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It's a Good Egg (or Embryo)

Aneuploidy — an abnormal number of chromosomes — in embryos is one of the reasons why many in vitro fertilization cycles (IVF) fail. Either the embryo doesn't implant, or there is a miscarriage. As a woman ages, the more likely she is to have eggs with aneuploidy, which is why miscarriages are more likely as a woman gets older.

Many fertility clinics are using preimplantation genetic screening (PGS) techniques that test all 24 chromosomes in conjunction with in vitro fertilization (IVF) in order to help older women or those who have experienced recurrent miscarriage to increase their chances of having a successful pregnancy and healthy baby. This kind of aneuploidy screening helps fertility doctors determine which embryos have a full set of chromosomes and which ones have an abnormal set so they can select the embryos that have the highest chances of implantation in the uterus.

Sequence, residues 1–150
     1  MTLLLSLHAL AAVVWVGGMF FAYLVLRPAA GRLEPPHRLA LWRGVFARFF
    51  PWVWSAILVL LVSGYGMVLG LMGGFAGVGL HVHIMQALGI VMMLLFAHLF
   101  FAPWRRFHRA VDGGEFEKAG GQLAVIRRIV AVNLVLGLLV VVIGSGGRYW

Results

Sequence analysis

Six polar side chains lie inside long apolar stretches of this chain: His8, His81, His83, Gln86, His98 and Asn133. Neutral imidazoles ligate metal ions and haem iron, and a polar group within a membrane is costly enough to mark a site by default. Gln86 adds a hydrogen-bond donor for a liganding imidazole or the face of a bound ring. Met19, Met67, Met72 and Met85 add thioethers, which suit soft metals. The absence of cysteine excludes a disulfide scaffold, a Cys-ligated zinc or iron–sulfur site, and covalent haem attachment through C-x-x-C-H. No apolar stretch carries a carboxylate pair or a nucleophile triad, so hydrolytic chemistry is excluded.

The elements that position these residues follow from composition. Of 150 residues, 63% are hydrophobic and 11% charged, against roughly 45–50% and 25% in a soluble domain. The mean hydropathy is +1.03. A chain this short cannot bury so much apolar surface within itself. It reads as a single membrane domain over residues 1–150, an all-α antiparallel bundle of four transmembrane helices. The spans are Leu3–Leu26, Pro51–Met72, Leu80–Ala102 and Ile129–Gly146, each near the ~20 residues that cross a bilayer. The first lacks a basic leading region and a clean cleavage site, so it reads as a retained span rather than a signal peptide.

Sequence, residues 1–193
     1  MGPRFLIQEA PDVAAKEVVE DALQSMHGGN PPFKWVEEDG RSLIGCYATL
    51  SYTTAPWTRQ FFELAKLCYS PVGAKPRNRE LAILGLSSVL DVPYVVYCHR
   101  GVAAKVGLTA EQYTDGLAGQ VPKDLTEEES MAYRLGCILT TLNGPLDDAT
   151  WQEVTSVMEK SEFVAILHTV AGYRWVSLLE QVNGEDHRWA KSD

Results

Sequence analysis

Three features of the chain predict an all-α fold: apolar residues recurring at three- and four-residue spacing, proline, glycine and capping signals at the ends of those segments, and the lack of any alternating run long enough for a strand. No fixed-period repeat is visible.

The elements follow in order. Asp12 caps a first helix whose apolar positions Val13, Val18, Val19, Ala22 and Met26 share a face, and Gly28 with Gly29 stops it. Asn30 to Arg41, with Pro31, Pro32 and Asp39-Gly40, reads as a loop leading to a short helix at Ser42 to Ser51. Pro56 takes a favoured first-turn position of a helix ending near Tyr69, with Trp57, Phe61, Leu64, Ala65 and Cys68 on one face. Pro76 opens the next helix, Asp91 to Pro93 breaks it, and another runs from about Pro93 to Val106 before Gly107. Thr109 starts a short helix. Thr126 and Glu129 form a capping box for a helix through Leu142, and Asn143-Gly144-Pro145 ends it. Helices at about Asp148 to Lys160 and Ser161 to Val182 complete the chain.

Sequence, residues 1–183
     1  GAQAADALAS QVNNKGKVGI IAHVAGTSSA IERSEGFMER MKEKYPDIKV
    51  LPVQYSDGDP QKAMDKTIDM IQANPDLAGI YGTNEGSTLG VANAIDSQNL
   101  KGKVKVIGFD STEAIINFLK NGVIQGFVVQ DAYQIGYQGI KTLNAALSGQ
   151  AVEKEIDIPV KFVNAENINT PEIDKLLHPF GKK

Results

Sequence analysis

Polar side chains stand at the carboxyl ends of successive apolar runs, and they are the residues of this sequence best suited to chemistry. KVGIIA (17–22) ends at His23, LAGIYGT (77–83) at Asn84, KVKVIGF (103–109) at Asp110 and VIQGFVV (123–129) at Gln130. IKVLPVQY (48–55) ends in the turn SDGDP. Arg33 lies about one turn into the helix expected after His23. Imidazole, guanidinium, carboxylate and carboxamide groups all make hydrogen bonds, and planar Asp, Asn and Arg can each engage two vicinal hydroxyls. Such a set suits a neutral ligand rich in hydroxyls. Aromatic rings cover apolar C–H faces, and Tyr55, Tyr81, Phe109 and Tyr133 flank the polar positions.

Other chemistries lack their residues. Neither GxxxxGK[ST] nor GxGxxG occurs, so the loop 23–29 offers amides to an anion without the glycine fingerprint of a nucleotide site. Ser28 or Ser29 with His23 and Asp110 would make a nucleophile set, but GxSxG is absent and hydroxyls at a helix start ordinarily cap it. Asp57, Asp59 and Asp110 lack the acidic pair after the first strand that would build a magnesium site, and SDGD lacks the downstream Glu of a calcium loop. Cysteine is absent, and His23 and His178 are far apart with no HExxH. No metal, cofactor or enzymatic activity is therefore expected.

In addition, there are even more exciting advances on the horizon with researchers looking at ways to test a woman's eggs for aneuploidy before they are fertilized in vitro; and a new genetic test (still in clinical trial phase) that offers fertility patients the chance to test their embryos with reduced time and financial strain than existing screening techniques.

Try not to get discouraged if you have had failed IVF or recurrent miscarriage. Every day, there are new developments that may be able to help.

Watch as Dr. Arthur Wisot of RPMG in California explains more about PGS for genetic screening:

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